My friend Neil Summerour developed SOGO Japan in order to give money directly to Japanese charities as opposed to outside sources. As Neil put it, “Money will not go to outside organizations looking in, but rather we will put it in the hands of the people who were there first, know the land, know the people and their actual needs.” $5 and $10 donations are appreciated, but if you donate $30 or $50 you'll also receive a copy of Neil's Angel Script Font.
Photographer Tex Jernigan took this photo as part of a collaborative series with Jared Wilson. The two of them will be installing large flags across the world beginning today, and you can purchase this print for $25. All proceeds go to the American Red Cross to help Japan.
Online retailer Alibaba is providing certain items to be purchased AT COST for those in need. (Alibaba will ship them to Japan free of cost to those in need.) Items include, tents, sleeping bags, blankets, flashlights, rain jackets, etc. Just make sure to put “Japan Earthquake Relief” as the address at checkout.
Designed by Max Erdenberger and printed by Steve Denekas and Walker Cahall, this poster is given to all who donate $25 to the Red Cross through W+K Studio's site.
This copper necklace was created by the father and daughter team wsake to represent the rising sun of Japan. 75% of the proceeds go to the Japan Earthquake and Tsunami Relief through the Japan Red Cross Society and the remaining 25% covers the production cost of the necklace.
Signalnoise is selling this print, of the rising sun "cracking," for $30. All proceeds will go to Japanese Disaster Relief.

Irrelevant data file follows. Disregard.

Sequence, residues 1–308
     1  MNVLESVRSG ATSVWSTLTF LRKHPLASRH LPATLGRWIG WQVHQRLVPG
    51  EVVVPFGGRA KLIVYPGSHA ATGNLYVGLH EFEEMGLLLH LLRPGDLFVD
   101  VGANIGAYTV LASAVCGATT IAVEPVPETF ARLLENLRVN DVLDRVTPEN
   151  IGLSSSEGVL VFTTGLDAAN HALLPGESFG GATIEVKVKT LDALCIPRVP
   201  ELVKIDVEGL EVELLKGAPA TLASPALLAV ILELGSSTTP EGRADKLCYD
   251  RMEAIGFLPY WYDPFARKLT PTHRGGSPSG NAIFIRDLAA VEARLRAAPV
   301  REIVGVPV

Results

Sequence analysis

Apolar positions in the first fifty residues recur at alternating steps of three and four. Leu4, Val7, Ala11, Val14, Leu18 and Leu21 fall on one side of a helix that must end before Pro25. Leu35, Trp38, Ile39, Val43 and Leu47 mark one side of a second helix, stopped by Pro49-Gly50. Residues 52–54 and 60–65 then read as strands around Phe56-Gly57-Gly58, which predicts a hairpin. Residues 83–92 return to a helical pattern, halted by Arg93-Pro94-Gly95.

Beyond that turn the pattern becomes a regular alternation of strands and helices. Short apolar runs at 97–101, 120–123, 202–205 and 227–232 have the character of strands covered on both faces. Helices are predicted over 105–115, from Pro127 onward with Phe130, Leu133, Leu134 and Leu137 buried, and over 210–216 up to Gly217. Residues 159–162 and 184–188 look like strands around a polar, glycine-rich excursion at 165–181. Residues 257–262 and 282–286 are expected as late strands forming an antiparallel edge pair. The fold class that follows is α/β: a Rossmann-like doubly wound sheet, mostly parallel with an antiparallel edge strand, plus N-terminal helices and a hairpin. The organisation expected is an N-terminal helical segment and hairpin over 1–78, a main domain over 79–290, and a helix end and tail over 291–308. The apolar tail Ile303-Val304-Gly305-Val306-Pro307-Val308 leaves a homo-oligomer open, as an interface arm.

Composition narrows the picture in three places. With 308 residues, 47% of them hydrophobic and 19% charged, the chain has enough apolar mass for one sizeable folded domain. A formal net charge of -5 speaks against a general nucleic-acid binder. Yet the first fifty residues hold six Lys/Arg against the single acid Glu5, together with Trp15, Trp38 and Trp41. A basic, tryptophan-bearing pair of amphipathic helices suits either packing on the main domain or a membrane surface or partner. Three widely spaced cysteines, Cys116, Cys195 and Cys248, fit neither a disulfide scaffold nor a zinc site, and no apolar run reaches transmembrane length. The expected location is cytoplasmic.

All proceeds from this print (designed by Rob Dobi) will go to disaster relief as well.
yokomono studio is donating 100% of the proceeds from their Sankaku Sachets sales.
All proceeds from Daniel Freytag's print "Japan" will go to the British Red Cross Japan Tsunami Relief.
Bloggers around the world wanted to help too. Today is Bloggers Day of Silence. Hundreds of bloggers will not post, tweet, etc. today as a sign of respect for all of those affected by the disasters. Set up by UtterlyEngaged and Ever Ours, any donations received at www.forjapanwithlove.com will go to purchase shelter boxes for those in need. For more information, please click on the link. (I received the memo a little late so I figured I'd do the next best thing and share ways to help.)
And on a happier note, did you hear about the 4 month old who was found under debris and delivered back to her parents? What about the man who was rescued 10 miles out in the sea? With so much sadness around, I always find it amazing and comforting to hear of a few miracles.
Another thing I'd like to bring attention to is the overall character of the Japanese. People are searching through debris where grocery stores once stood for water etc. and when anyone finds it, if there happens to be an elderly citizen around, the "discoverer" always gives the water to the elderly first and only then goes back to search for themselves. People are waiting in line for aid as opposed to committing crimes and looting; people are taking care of each other... it's just amazing to see after the horrendous disasters they've faced that they are still respectful, courteous, and grateful. You can't control what happens, but you can control how you react. Seeing how we reacted after Katrina, I think we all should take a lesson in humanity from the Japanese and do whatever we can to help rebuild their nation.
And as always (said best at Apartment Therapy) If you're unsure whether to donate to an organization, we recommend checking their standing and credentials via charity research organizations, such as GiveWell and Charity Navigator. File any fraud complaints with the Internet Crime Complaint Center. Known as IC3, the Center is a partnership of the FBI, National White Collar Crime Center and Bureau of Justice Assistance. Also, call the National Center for Disaster Fraud at 1-866-720-5721 to report the fraud.